Disclosure, continued

Craig Silverman, editor of Regret the Error, adds his answers to the Times disclosure questionnaire. He likes the notion of the questionnaire, as do I, and also adds good points to the discussion, including:

By not requiring its staff members to fill out the questionnaire, the Times is creating a two-tier system of disclosure within the paper. Just because someone is a freelancer, it doesn’t mean that they are more likely to plagiarize, get facts wrong, accept junkets, or allow their personal convictions or interests to cloud their work…. Singling out one group won’t solve the problem. Position does not dictate professionalism. Yet the Times seems to be sending the message that the investments, community activities and personal beliefs of staff members have no effect on their work, and that things are different for freelancers. It’s doubtful that senior editors there would be willing to argue this, yet the questionnaire remains for freelancers only. Staff members come under much more scrutiny from outside interests because of their position, yet they get a free pass? It doesn’t make sense. The Times does have its detailed Ethical Journalism policy for staff members, but having a written policy is not the same as asking for specific information from each person.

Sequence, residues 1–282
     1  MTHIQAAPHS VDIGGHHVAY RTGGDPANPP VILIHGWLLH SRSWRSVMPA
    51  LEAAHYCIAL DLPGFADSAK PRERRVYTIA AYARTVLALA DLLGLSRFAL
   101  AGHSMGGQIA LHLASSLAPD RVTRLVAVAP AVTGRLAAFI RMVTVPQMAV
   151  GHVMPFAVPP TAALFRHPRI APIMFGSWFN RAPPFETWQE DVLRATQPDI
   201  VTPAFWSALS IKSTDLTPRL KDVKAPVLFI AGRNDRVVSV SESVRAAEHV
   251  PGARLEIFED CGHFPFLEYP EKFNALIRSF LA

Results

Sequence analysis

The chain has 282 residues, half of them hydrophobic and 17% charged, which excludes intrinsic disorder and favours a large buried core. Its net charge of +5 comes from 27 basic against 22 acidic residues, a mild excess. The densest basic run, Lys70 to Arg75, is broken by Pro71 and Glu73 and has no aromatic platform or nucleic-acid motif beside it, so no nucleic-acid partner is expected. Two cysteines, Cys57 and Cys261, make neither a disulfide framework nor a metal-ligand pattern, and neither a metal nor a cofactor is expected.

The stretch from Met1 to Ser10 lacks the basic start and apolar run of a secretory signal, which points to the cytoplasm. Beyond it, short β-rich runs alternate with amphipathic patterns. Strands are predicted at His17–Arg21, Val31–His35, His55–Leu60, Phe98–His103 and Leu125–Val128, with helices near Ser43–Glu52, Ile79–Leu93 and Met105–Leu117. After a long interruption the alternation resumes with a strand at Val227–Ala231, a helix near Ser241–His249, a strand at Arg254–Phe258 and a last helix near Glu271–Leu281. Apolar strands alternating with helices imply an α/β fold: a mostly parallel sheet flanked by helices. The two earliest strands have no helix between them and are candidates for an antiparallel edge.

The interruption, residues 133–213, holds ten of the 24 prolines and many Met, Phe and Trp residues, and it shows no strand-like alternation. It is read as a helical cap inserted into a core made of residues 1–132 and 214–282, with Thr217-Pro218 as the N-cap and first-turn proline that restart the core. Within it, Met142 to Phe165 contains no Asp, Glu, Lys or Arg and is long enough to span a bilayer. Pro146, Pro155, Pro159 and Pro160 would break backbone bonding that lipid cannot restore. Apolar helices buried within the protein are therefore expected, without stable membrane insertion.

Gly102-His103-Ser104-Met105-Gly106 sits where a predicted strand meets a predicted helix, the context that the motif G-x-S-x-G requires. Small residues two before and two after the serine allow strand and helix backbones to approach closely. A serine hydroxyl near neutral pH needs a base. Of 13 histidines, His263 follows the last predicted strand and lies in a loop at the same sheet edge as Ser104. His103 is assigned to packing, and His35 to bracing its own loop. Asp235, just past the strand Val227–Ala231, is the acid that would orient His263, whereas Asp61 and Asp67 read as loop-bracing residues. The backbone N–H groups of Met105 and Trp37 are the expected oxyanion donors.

I don’t know that they don’t have a questionnaire for staffers. I would know if they made them public, which I think is needed.

  • http://www.easypizza.co.uk gordon ramsey

    i was a little surprised about todays news about david the chamaeloan
    i think the new labour spin doctors have shot themselves in the foot big time
    http://www.easyburger.eu

  • http://tomgrey.motime.com Tom Grey – Liberty Dad

    No two-tiered system of disclosure will remain valid, for long. Calls of bias will become calls of secret bias, and the cover-up of bias — so I’m sure your crusade will be successful on more up-front bio info.

    What won’t happen as quickly is to present evidence for, and against, any particular policy, and its main alternative. Like “more troops” as the big error in Iraq. What the results with more troops would have been has not been clearly said (or I’ve missed it), so it’s a vague “things would be better”.

    But disclosure’s a good start. I’d add three or four specific political policy issues:
    1) for or against Bush’s invasion of Iraq (I’m for);
    2) for or against Bush’s Tax Cuts (I’m for);
    2b) for or against Bush’s Spending increases (I’m against);
    3) for or against Bush’s moral positions of pro-life, civil unions not marriage for gays (I’m for).